Well... yes, but it's not unusual for series scorelines to inaccurately reflect the cricket played, is it?Originally Posted by andyc
Originally Posted by Richard
rave down, hit the ground
Err... lost 8 for 37 to lose by 16 runs (has anyone ever thrown away such an easy victory from such a near-unassailable position?) in the only Test that had a result?
That sufficient explanation?
there is a difference between throwing a game away and maybe being outdone by good bowling !!!!! anyway I see what you mean nowOriginally Posted by Richard
How about the first test here....really Australia should have had this series won by 2-0, but for an amazing bit of bowling by Sarfraz in the first test
No. You obviously didn't see it live so I don't think you're really in a position to comment. I know *I* didn't see it either because it wasn't televised here. What snippets I've seen over the years have been of poor quality so it's possible that it wasn't fully televised in SL either.Err... lost 8 for 37 to lose by 16 runs (has anyone ever thrown away such an easy victory from such a near-unassailable position?) in the only Test that had a result?
That sufficient explanation?
As for the WI vs Aus 1992/93 series, how did Australia fail to win? It's a painful one to remember but I do remember that the WI came to Australia slightly under-done and with a young team batting-wise (Phil Simmons, Brian Lara, Keith Arthurton were all newbies). Arthurton's 157 in the first Test was all-class and when the Aussie replied with over 300, I thought they were in with a chance. Then Craig McDermott ripped through them in the second dig and it looked to be all over, especially when Merv strangled Ritchie down the leg-side. But I do remember Ian Bishop dug in really well. He survived some awfully close LBW's, though.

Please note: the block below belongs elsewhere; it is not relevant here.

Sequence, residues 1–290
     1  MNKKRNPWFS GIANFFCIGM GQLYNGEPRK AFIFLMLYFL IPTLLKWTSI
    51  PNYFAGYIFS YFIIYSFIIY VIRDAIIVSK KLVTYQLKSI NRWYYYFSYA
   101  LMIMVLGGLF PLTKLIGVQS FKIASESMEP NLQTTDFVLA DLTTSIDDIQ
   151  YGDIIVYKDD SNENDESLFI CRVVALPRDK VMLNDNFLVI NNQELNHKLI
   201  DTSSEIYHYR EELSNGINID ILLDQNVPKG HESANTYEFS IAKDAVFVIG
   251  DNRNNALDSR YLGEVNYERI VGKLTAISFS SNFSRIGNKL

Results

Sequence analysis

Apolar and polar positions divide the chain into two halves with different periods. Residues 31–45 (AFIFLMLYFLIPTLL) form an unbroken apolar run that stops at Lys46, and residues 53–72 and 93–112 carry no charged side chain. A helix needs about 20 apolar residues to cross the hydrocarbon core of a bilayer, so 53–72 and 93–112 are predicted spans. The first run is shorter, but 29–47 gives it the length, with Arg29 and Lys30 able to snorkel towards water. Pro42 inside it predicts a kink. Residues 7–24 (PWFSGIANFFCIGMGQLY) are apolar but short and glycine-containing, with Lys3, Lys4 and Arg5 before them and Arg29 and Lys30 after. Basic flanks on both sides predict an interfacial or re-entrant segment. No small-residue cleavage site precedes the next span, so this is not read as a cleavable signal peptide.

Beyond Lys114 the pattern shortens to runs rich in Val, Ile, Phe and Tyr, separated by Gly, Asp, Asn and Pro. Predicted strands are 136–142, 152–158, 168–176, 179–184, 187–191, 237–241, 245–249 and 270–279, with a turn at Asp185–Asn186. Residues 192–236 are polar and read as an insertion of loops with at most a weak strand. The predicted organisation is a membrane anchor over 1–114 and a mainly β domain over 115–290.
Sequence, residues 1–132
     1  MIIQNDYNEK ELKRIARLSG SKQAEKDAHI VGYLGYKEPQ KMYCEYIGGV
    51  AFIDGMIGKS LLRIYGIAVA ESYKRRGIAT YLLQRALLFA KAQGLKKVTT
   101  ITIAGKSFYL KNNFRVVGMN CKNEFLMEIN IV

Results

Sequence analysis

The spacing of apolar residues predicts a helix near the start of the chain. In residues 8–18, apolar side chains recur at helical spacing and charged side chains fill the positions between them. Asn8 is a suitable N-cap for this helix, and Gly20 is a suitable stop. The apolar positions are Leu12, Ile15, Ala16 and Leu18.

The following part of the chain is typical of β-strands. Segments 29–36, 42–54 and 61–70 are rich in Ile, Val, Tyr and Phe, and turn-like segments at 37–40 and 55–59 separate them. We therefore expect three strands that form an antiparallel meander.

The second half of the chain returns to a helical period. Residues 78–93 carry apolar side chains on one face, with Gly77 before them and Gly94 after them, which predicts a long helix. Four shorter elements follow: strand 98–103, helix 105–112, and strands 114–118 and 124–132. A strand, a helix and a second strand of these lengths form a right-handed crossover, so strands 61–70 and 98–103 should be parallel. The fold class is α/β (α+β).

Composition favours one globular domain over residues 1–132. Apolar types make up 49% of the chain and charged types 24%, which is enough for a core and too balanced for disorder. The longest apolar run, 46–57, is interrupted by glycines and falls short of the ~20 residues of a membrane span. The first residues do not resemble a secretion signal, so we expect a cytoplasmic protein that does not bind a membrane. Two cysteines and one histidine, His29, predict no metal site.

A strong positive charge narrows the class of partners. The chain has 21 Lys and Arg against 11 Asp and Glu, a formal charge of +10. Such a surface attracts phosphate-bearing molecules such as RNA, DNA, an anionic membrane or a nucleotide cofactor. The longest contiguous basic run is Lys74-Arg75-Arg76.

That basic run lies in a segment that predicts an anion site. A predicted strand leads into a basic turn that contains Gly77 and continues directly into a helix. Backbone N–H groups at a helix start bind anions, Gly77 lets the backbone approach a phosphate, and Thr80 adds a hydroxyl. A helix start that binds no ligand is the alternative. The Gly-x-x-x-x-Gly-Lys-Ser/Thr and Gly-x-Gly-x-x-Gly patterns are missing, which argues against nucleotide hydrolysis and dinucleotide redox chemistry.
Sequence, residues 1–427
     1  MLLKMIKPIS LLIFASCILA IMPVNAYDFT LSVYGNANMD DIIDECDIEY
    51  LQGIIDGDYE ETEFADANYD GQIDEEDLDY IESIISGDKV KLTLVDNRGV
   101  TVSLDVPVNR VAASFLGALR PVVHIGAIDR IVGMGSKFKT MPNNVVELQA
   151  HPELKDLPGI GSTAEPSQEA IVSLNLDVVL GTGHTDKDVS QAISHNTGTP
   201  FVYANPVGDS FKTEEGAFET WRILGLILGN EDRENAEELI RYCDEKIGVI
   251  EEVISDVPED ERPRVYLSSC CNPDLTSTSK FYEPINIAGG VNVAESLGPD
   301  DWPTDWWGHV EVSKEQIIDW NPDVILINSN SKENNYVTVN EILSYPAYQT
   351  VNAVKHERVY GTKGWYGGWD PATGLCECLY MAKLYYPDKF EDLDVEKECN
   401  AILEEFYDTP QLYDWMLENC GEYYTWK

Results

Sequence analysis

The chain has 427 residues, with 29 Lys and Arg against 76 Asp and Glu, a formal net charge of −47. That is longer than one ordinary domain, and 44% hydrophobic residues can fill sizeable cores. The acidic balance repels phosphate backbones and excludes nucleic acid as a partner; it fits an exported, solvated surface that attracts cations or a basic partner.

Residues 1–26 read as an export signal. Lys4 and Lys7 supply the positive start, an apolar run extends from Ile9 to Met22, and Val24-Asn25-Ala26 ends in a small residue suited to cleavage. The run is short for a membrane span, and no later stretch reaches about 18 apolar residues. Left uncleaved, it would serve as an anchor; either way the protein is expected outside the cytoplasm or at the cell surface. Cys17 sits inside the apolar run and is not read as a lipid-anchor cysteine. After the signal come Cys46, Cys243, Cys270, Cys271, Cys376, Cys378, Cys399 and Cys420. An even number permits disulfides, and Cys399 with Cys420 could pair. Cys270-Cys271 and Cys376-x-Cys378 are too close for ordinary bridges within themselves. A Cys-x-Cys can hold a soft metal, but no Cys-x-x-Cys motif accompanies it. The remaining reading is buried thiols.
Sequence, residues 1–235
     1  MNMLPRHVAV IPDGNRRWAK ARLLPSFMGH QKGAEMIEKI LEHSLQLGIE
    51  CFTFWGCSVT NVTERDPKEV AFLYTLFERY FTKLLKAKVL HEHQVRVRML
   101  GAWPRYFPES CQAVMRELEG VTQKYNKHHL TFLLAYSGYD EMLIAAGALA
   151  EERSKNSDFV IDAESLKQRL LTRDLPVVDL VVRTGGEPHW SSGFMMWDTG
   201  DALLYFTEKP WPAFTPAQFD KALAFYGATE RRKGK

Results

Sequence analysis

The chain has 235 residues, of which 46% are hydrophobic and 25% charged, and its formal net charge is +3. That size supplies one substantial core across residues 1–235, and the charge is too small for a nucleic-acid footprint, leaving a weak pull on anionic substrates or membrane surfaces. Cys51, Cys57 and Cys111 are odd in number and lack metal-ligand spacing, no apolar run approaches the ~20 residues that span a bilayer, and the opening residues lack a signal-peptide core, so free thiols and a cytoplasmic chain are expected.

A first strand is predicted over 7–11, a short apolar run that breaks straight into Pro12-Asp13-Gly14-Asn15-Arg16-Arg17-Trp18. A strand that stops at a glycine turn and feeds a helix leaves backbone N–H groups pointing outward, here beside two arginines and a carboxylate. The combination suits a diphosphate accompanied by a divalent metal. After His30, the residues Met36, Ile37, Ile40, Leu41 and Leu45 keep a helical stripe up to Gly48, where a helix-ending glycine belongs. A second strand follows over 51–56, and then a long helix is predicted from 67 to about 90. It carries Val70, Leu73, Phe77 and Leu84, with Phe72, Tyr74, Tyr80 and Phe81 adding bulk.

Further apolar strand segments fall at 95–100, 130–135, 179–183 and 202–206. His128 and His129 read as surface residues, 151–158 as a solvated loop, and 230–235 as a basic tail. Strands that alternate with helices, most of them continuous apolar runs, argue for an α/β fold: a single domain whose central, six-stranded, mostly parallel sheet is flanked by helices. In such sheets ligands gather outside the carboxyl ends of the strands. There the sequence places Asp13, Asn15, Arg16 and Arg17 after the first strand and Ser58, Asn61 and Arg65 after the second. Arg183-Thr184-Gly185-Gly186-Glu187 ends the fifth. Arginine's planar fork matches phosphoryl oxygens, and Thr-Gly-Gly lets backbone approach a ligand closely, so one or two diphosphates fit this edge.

The second Test, Mark Waugh and AB's partnership did the job for the Aussies, really. The WI were on the back-foot from that point onwards. This Test and previous one showed how valuable Merv was to the team too; I remember he wasn't taking huge bags of wickets but managed to knock over the top-3 (especially Dessie) regularly and put them on the back foot a few times. Notwithstanding Phil Simmons' absolutely brilliant knock, Warnie wrapped it up.
Now, here's where I reckon it went wrong for the Aussies; the WI piled on a decent score in Sydney on the back of Brian's 277 (incredible knock; most of his boundaries were along the carpet all the way) and momentum swung a bit. Next thing, WI on the back of Curtly won the ODI series and it looked as if he'd finally gotten fed-up with maybe being in the first WI side to lose a series in many years.